We knew virtually nothing about RVing when we set out in January as full-time RVers and needless to say, we have learned a lot. This article is partially tips for newbies who happen upon this site by way of search engine, and partially cheeky anecdotes about lessons we've learned from Wally the Airstream and RVing in general for those who maybe don't plan to become full-time RVers, but are interested in this aspect of our project.
In retrospect, we would have purchased a more powerful tow vehicle to tote Wally. We bought a Ford Expedition knowing that we plan to keep the car at years’ end, and we didn’t really want a pick-up truck. We had the opportunity to tow the Airstream Pendleton with a Ford F150 Limited Edition a couple of weeks ago and the difference in power is noticeable. We love our Expedition though, and it keeps chugging along… thank god.
A rear-video-monitor is a must.
Walkie-talkies come in real handy when backing up the Airstream. There is a microphone on the back of the Airstream too that carries sound from the rear into the drivers seat. We like the walkie-talkies though, because we get to use our code names: Sassafras (she) and Whisky (he).
Disposable latex gloves are your best friend.
While on that topic, we learned from Airstream mechanics all sorts of things about the black water tank... Dump >> fill with cleaner and a few bowls full of water >> use RV TP (+ don't discard foreign objects in toilet = happier dumping. (For those who don't know, black water is human waste, and grey water is liquid from the kitchen and bathroom sink, and shower.)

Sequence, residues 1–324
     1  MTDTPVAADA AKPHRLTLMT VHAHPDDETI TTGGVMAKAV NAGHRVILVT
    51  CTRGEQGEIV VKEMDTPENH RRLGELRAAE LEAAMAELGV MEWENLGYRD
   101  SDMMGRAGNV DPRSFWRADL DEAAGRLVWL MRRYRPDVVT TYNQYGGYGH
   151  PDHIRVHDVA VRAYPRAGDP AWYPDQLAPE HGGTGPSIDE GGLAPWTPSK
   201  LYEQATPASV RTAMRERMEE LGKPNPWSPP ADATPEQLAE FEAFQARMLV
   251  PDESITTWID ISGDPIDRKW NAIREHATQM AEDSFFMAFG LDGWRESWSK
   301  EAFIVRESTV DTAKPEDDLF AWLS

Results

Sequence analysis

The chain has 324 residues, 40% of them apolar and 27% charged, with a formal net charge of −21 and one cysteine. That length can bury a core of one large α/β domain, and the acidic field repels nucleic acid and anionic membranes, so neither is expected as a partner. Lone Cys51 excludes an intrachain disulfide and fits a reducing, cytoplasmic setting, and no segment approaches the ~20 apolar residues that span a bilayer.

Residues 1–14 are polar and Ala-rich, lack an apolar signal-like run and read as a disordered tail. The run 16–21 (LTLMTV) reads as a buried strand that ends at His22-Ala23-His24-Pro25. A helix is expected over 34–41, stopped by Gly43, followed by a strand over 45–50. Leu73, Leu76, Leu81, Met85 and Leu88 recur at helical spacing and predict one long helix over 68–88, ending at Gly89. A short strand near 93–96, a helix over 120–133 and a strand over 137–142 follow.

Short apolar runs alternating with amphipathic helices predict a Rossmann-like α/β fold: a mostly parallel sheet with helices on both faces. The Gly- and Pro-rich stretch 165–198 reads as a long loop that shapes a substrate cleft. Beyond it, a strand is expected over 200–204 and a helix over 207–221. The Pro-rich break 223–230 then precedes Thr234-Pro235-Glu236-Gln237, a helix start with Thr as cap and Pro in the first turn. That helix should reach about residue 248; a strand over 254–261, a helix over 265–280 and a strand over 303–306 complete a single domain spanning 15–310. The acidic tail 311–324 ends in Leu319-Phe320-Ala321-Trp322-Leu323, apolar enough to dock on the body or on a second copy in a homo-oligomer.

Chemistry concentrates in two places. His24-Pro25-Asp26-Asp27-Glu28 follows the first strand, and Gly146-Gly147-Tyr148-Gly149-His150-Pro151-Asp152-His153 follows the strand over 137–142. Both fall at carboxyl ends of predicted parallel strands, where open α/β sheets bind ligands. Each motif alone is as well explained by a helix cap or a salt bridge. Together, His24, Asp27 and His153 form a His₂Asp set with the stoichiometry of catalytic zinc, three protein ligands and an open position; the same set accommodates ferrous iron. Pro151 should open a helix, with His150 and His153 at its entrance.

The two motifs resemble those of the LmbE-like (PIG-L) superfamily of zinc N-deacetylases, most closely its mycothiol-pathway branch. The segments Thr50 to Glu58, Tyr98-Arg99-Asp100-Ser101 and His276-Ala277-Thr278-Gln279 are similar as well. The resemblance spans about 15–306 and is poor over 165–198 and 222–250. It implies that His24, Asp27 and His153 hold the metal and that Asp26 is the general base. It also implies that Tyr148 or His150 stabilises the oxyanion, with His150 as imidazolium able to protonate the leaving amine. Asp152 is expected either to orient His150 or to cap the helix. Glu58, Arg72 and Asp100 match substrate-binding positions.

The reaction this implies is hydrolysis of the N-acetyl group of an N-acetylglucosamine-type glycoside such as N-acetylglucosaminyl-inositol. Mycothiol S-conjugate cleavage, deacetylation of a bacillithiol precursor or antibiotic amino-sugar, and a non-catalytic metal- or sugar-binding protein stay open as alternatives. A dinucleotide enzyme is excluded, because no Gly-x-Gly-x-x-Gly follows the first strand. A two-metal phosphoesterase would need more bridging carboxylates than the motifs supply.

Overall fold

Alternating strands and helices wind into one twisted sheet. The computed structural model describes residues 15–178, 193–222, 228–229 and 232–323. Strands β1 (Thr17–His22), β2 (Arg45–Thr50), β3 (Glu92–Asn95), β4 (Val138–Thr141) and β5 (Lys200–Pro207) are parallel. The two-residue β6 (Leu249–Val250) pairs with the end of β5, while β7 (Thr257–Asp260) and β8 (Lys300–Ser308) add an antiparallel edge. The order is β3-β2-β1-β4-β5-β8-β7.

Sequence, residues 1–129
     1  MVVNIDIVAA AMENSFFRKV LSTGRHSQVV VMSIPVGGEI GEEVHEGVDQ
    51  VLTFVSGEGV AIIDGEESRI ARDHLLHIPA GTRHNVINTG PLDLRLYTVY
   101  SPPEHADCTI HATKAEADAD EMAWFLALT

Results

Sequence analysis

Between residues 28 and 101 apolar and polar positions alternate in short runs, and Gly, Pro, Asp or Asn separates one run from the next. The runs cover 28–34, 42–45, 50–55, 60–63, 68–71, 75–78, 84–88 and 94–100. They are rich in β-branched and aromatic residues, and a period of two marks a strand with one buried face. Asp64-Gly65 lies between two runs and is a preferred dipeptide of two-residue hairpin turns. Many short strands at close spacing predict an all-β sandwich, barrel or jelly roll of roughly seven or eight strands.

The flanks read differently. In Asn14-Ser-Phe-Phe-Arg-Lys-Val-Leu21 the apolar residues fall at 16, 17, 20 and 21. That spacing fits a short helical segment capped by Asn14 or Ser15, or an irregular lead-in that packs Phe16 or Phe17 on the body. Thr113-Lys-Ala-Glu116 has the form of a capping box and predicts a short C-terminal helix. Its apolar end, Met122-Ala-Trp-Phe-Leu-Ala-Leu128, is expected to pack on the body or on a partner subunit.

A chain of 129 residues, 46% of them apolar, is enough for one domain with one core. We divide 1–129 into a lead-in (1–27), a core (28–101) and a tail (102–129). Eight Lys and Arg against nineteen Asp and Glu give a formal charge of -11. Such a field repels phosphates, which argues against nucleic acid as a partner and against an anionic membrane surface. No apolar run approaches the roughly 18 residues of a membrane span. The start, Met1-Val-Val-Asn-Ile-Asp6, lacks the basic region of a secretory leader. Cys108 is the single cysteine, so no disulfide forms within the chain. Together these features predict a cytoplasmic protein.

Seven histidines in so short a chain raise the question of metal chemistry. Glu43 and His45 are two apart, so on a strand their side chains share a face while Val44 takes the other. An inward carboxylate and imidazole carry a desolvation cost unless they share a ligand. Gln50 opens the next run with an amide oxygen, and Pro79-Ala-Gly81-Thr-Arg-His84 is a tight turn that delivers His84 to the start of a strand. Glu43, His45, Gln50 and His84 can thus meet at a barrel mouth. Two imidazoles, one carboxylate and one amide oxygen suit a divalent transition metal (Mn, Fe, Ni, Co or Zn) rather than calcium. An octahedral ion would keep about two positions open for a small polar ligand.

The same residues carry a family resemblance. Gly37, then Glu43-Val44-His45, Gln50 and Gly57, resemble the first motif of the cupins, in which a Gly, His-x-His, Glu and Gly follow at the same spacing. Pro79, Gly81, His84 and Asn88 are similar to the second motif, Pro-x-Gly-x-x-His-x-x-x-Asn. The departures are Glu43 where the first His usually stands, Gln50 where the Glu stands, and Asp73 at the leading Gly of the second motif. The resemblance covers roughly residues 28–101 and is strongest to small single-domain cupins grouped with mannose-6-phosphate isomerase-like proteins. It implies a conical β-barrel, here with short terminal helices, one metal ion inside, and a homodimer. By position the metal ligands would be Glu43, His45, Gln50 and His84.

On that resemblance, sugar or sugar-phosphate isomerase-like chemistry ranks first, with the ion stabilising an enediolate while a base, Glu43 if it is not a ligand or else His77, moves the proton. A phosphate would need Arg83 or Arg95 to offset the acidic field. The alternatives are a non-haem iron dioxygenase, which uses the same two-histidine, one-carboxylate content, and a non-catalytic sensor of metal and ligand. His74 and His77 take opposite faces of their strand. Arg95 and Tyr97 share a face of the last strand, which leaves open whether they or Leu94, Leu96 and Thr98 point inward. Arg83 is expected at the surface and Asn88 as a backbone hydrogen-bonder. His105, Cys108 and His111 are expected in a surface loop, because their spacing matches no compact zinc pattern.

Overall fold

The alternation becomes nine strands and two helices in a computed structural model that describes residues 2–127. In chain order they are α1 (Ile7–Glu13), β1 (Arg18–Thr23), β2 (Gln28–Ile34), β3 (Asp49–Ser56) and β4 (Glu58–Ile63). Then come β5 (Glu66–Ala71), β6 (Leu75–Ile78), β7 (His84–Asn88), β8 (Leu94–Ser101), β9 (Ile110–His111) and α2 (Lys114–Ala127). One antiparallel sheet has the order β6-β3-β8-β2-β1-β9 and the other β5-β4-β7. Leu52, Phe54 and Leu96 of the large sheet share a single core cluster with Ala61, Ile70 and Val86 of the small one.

Propane heats water more quickly than electric does. The furnace eats propane like there's no tomorrow in cold weather and propane can cost quite a lot of money -- plan for that expense if hitting up cold weather locations.
The heat pump doesn't heat below 40 degrees so far as we can tell...
If it's freezing outside, leave the water running in the kitchen sink at a trickle to prevent frozen hose/pipes. We learned this the hard way in a winters stay in Shenandoah National Park, Mammoth Cave National Park, Cuyahoga Valley National Park…so far this year.
Don't park next to RV's running generators to avoid carbon monoxide poisoning. Waking up at 3 in the morning on our first long drive/rest stop experience to carbon monoxide alarms was, well, alarming. Thankfully, we had CoachNet 24/7 Airstream roadside assistance to walk us through the what-to-do next. The what-to-do was to move locations.
Airstream forums are great for anything part or function related, and for general advice from Airstream owners.
Closing awnings when it's windy outside prevents them from breaking. Tilting the awning when it’s raining prevents the canvas from caving beneath the weight of collected water. Move out of the way when closing it after a rain so you don't get an unexpected freezing outdoor shower.
Where and How to Stay
Most RV parks offer discounted rates if you ask, are members of camp collectives, and/or look on the website in advance. If you are going to hit the road with an RV, become a member of Good Sam and KOA.